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More than $500,000.
That’s what Brunswick County Schools Superintendent Edward Pruden estimated a staggered-start schedule could save the district this year.
That’s the equivalent of about 10 teaching positions.
With financial cuts and belt-tightening taking place for the last several years, it made sense for the district to look at ways to cut costs and keep teachers where they are needed most—in the classroom.
But what has the cost of this change been for parents and students? How has having adjusted schedules affected the lives of those who depend on the school system?
If your family has been affected, now is the time to speak out. From 5:30-6:15 p.m. Tuesday, Nov. 1, the board of education will hear comments from the community.
The meeting will be in county commissioners’ chambers in the David R. Sandifer building at the Brunswick County government complex in Bolivia.
But the meeting is not just for those who oppose the change or who are having difficulties because of it. If you like the switch and think it’s made a positive impact on your child’s education, it’s important you let school officials know that, too.
If you can’t attend the meeting, you can still be a part of the discussion. An electronic survey was sent to parents who have provided an active email account to their child’s school. Others can participate in the survey by logging onto www.bcswan.net and clicking the survey link on the homepage.
Surveys must be completed before the Nov. 1 meeting, where results will be presented.
We’ve heard a lot of complaints from parents about what they feel are undue hardships on families and students. It would appear a lot of people are unhappy with the plan. We encourage school board members and administrators to take parents’ comments to heart.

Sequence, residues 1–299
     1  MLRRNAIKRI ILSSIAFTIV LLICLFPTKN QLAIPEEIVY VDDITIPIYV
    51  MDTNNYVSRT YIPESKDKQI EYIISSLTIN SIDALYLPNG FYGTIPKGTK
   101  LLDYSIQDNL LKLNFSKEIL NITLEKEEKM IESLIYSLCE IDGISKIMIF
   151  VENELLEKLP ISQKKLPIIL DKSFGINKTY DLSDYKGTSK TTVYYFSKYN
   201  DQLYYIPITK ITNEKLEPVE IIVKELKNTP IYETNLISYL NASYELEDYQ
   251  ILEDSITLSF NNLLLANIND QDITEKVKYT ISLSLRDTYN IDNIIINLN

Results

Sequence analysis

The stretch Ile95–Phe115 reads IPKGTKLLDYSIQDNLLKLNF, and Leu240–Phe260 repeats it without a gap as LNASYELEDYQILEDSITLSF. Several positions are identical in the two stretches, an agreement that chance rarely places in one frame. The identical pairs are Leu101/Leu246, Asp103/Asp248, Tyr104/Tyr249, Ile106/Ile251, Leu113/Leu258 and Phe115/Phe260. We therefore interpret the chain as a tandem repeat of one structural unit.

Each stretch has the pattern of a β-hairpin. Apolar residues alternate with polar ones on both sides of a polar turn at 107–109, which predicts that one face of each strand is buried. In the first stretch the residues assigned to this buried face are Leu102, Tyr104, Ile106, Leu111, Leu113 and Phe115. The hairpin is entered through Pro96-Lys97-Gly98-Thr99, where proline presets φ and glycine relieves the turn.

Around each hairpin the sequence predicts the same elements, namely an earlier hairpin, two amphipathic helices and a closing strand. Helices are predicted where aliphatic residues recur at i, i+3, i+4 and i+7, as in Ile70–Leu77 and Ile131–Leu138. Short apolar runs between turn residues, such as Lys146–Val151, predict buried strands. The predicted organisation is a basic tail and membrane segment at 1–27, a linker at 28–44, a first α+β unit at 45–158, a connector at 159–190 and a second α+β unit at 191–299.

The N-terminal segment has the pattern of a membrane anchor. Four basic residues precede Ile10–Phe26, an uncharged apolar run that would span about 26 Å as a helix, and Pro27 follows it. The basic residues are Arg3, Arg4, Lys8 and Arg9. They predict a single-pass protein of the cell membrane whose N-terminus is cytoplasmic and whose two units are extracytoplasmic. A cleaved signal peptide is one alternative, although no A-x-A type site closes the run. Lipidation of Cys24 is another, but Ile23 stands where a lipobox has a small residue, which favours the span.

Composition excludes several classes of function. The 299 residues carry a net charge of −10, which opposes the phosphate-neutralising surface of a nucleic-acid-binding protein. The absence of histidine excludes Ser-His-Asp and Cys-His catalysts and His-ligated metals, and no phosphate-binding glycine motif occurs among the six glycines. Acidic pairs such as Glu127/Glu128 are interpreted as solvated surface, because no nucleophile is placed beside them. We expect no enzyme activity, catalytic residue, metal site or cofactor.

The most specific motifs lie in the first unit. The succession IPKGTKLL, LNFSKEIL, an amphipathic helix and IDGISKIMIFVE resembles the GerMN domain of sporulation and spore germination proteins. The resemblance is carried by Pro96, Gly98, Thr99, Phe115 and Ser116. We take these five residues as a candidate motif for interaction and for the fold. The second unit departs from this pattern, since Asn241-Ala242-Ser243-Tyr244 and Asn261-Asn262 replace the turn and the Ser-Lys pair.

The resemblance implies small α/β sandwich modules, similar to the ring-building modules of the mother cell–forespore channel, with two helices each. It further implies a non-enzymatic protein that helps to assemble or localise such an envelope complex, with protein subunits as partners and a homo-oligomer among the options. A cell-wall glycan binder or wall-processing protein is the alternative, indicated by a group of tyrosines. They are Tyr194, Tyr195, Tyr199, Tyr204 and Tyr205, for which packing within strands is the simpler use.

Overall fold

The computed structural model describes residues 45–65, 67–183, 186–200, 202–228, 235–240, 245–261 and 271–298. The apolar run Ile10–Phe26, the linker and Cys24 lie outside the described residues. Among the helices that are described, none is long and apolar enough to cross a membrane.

If a majority of parents say this isn’t working, listen to them. However, in the best interest of kids who have already adjusted to the schedule, keep the current system in place through the end of this school year, but have an alternative ready before next August.
We think there are other places to look for savings. We don’t necessarily agree the times children go to school and get home are from where it should come.
And we don’t think it should be from more cuts in classrooms—a place where already overburdened teachers are putting in extra hours for no additional pay and relying on themselves and parents to provide basic necessities for classrooms.
We think the board should look closer at the volume of administrators in central office, as well as the pay of those in some of the positions.
How many assistant superintendents are truly needed to make a district of this size work effectively? How many administrative assistants are truly needed to get all of the work there done?
During this economic downturn, almost all businesses are looking at cuts. The hard truth is we are all facing a leaner workforce that can do more with less.
We don’t want to see anyone lose a job, but it may be time to face the inevitable. If it were your kid standing beside a winding rural road while the stars were still out waiting for a bus, wouldn’t you want another alternative?